• Alix

    My reading of that was that Rice’s picking and choosing was rather plainly self-serving, and also that it doesn’t fit with what Christians claim is the larger theme of the Bible. Also, the pro-slavery pickers-and-choosers were rather obviously ignoring anti-slavery messages as well.

  • http://anonsam.wordpress.com/ AnonymousSam

    Fred would likely point at the numerous times “love your neighbor as yourself” is emphasized and note that it’s hard to treat your neighbor like a piece of property and still claim to love them as yourself.

    Here’s where the multi-authorship of the Bible is frustrating as Hell though, because there are a number of verses which specifically contradict themselves. One of the worst of these is Deuteronomy 23:15-16, which specifically says that if an escaped slave comes to you, you are to treat him as a free man and do not return him to his master … and then in the New Testament, not only do we have several verses about how slaves must obey their earthly masters, we also get the story of Paul returning a slave to his master.

  • Bethany

    It seems to me that the fact that there’s no slavery in the Kingdom of God (which, remember, at some points in the Bible was something the author expected to come about in his lifetime, and referred to a new society on Earth, not the afterlife) *is* a condemnation of slavery. After all, in the perfect society — God’s society — slavery doesn’t exist.

  • Jamoche

    Ditto, plus now I’m curious about why his parents chose that name for him.

  • MikeJ

    After all, in the perfect society — God’s society — slavery doesn’t exist.

    They will argue that what’s going to happen in a perfect future world should have no bearing on their behaviour in the current, imperfect world. After all, at some point they’ll have to eat vegetables slathered in butter, but that won’t keep them away from bacon now.

  • MaryKaye

    If you don’t have to regard every word of the New Testament as advice directed at Christians for all ages, then it becomes possible to think: Paul was living under the Roman Empire. His nascent religion and congregation would survive only if they avoided attracting too much unfavorable attention, and preaching slave-rebellion was blatantly going to attract unfavorable attention. So no matter what Jesus would have thought of slavery, and no matter what Paul in fact thought of slavery, writing down an anti-slavery message was a hugely unsafe thing to do. In fact, later transcribers of that message might well have had to “fix” it or see their transcripts, and themselves, destroyed.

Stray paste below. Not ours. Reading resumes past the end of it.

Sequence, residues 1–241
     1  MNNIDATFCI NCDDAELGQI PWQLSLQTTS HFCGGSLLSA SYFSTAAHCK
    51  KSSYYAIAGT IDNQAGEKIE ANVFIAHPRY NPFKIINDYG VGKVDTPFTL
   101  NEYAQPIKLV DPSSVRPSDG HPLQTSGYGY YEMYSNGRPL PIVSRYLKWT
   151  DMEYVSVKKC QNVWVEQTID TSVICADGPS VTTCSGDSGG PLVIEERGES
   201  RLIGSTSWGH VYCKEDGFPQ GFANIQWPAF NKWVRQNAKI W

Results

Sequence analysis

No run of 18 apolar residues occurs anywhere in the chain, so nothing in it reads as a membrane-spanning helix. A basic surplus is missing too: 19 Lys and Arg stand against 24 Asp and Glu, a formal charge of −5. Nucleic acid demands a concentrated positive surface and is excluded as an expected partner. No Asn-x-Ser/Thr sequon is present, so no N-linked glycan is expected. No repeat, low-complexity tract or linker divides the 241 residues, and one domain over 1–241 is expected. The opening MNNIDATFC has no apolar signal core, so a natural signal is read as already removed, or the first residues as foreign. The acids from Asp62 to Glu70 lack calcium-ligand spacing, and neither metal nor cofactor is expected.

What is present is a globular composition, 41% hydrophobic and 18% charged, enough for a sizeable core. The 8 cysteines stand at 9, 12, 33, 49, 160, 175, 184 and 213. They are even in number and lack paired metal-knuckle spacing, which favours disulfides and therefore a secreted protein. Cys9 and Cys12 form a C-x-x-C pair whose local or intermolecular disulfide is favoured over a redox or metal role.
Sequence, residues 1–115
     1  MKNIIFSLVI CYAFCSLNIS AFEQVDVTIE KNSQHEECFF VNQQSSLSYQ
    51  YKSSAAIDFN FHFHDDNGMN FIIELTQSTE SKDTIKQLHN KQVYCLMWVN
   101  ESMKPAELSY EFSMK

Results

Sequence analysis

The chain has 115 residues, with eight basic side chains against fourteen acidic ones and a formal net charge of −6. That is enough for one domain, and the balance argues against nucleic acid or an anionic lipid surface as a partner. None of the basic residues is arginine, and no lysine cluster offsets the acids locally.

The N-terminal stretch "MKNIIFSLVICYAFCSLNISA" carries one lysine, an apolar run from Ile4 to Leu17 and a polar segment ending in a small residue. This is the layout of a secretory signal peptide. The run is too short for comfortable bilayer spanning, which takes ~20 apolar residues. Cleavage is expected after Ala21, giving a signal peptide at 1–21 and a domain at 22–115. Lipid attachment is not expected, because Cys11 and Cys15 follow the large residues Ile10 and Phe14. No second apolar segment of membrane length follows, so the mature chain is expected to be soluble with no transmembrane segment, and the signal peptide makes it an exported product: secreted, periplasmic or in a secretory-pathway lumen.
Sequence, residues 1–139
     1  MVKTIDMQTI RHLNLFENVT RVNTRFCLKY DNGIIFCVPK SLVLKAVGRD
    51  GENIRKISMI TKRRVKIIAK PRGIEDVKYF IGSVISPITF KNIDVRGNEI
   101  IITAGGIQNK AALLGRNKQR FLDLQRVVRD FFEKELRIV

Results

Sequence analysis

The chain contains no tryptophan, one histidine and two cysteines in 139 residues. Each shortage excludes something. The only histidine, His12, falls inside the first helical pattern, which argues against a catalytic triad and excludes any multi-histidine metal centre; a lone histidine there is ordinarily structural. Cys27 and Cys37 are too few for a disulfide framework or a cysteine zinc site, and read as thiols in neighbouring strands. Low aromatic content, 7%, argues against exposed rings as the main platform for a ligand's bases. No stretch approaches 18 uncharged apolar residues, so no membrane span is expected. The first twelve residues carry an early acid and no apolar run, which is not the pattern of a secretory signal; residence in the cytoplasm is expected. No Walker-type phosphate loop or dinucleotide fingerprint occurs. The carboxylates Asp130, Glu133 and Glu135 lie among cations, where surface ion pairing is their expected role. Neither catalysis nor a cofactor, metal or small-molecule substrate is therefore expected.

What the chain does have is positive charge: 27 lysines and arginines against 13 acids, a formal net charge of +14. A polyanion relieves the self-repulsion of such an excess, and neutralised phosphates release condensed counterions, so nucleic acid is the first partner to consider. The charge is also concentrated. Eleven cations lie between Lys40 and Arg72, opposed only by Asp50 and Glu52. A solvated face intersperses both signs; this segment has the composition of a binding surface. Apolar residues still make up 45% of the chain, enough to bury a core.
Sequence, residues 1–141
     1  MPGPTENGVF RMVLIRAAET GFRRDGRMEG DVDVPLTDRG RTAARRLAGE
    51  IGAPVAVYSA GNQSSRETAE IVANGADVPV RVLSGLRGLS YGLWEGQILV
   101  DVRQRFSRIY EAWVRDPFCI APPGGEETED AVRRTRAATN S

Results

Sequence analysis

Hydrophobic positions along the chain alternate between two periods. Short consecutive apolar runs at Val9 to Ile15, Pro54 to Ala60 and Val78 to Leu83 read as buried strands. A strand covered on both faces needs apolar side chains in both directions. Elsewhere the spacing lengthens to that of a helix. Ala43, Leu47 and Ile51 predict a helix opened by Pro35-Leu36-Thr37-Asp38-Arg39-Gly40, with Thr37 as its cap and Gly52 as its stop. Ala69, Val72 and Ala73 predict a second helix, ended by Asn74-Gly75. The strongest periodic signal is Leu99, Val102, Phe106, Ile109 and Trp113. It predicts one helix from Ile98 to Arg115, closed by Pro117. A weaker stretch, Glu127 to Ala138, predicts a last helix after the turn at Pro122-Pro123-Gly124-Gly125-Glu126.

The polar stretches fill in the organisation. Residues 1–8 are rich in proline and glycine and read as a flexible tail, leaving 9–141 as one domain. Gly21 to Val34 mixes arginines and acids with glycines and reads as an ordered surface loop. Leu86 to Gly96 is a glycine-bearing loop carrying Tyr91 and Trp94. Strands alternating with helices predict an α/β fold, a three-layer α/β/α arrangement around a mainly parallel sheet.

Is Paul going to be a reliable source on how people ought generally to treat each other, or is he going to have more to say about how to survive when you’re an oppressed minority under a ruthless Empire?

    Modern Christians are not an oppressed minority under a ruthless Empire, much though some of them like to claim it. We can reasonably expect better of them.

  • Kenneth Raymond

    It’s really more one of those cultural chicken-and-egg scenarios. Vile attitudes and behaviors inform how people approach theology, but theological justifications push people into vile attitudes and behaviors, including people who in absence of such justifications would not have become so vile. It’s a cultural transmission thing, the influence of groups and cultural identity on personal identity and behavior. Racism isn’t really the root but damn if it’s not an opportunistic little virus when others provide an opening. Though as with viruses, the best you can often do is manage the symptoms to control its transmission and calling out bad theology is an important one when managing some (groups of) people’s symptoms.

  • Lori

    The Kingdom of God is also seen (at least sometimes, but some Christians) as a reference to the church. That would make it something that existed at the time the NT was written.

  • http://anonsam.wordpress.com/ AnonymousSam

    Hmm, Judaism was still strong in ancient Rome for a long time, and the law about emancipating escaped slaves was Jewish in origin. I wonder how that factored into things.

    FWIW, the verses about slaves obeying their masters can be found in Colossians, Ephesians, Timothy, Titus, and Peter…

  • Kenneth Raymond

    I think what happens is people misapply the statement, “If you don’t stand for something, you’ll fall for anything;”

    It’s one of those statements I really dislike. It gets mostly used as a non-sectarian stand-in for the same kind of ideas behind “Biblical literalism” and “scriptural inerrancy.” The unspoken but nakedly obvious meaning is always that the only thing you can possibly “stand for” is what the speaker believes, and you can only “fall for” anything else. Such a horrible and small-minded little phrase masquerading as virtue.

  • Kristen Rosser

    The Abolitionists’ response was that Jesus’ talk of the “kingdom of God” was not just a pie-in-the-sky-when-you-die thing. It was intended to change human systems on earth.